Mobile will force brands to begin to solve problems from the customer's perspective. The thinking goes beyond a shift to mobile from desktop, but rather in the way consumers think.
At the Forrester industry event in Los Angeles, Josh Bernoff Forrester Research senior vice president of idea development, introduced the Mobile Mind Shift Index, a measurement describing mobile connectivity. He told Online Daily News mobile is not a just a technology trend, but a complete shift in the psychology of consumers, who now expect mobile utility from companies they work with.
"We can measure this mobile mind shift," he said. "Although 78% of online U.S. consumers have not yet made the shift, based on our surveys, 22% have. They demand mobile utility and will dump companies that don't give it to them."
Bernoff said the key becomes creating mobile utility that solves customer problems, pointing to Johnson & Johnson, which created a baby sleep application called bedtime.
Forrester released a report at the conference outlining the shift in six stages, ranging from Disconnecteds, who show no signs of shifting, to Perpetuals, who have shifted completely. The other categories--Dabblers, Roamers, Adapters, and Immersers--also describe the change.
About 12% of U.S. consumers in the shifted segments are Adapters, about 46% female; 6%, Immersers with 41% female; and 4%, Perpetuals, 31% female. The ages range from 33 to 35 with an average annual income between $95,400 and $111,100. Some 29% of Adapters own a tablet, compared with 47% of Immersers, and 78% of Perpetuals.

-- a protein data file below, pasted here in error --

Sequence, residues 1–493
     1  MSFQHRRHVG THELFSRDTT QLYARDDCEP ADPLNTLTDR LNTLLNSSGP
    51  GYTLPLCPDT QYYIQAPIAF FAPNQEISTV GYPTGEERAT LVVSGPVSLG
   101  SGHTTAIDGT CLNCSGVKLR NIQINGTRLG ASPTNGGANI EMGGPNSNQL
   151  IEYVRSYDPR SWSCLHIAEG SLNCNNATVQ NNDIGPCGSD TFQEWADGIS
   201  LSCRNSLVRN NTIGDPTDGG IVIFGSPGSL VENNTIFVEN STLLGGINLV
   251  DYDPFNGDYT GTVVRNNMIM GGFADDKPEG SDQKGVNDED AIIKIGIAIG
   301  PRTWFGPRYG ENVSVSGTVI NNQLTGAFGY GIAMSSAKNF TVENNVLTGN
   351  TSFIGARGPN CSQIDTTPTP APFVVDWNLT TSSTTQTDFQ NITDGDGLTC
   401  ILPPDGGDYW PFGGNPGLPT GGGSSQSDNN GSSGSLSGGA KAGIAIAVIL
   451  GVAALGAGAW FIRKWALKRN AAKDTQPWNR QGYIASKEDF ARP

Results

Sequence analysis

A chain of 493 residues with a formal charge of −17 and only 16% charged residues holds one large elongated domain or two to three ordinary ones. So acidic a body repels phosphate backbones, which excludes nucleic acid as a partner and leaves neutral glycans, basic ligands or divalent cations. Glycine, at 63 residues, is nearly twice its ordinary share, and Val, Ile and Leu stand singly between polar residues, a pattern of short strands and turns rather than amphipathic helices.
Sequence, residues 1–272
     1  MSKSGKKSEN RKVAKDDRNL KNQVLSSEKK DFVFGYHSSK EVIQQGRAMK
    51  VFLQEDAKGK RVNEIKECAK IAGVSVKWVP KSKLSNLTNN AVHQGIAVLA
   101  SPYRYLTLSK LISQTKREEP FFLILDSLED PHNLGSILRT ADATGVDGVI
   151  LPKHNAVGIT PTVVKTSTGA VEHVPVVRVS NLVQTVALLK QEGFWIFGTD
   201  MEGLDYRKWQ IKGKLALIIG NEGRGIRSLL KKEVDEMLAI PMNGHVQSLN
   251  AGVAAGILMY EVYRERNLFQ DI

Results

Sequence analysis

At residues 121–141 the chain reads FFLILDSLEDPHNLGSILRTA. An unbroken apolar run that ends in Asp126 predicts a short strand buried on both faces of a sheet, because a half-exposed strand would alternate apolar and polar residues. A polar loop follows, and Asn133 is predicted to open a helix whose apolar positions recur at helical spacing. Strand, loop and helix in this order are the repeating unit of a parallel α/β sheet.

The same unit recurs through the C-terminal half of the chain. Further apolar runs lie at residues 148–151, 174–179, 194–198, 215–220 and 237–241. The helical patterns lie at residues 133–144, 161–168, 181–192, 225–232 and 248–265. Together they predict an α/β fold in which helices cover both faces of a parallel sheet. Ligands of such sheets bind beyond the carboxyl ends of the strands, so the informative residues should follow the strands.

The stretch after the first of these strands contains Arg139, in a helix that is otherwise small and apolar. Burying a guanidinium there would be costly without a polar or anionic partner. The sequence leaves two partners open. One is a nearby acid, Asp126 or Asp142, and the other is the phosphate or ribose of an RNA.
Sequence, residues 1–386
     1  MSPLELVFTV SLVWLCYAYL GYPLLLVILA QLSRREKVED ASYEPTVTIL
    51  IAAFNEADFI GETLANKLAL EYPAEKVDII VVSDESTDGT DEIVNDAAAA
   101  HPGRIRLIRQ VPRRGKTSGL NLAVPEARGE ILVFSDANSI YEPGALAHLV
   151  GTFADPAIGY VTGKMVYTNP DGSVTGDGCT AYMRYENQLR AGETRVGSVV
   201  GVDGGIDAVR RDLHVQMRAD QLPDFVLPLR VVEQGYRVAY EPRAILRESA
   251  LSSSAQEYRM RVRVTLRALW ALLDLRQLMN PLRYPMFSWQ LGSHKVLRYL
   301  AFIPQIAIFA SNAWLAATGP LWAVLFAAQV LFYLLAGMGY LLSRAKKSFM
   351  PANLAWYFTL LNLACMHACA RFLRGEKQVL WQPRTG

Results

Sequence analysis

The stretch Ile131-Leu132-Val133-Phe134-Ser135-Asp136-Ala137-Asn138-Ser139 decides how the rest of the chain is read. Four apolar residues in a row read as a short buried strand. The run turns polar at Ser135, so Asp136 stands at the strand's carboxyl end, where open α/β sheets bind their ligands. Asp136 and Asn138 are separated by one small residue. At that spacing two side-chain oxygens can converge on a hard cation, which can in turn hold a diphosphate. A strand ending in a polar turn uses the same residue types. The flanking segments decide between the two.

Mobile devices will become more intimate, expressing expectations, alongside intent. Since the shift combines searches on social with locations during a specific time of day, it also changes and challenges search engine marketing. Consumers no longer expect information. They demand it--from food calorie counts to updates from friends on Tumblr, Facebook and Twitter.
An accompanying report from Forrester analyst Melissa Parrish explains why obstacles between what consumers want and seek are unacceptable. Parrish believes serving connected consumers takes "intelligent services," rather than marketing. It means brands must anticipate needs: evaluate the frequency and quality of customer interactions before building a strategy. Parrish said consumers have been trained to expect that anything they want is instantly available on smartphones.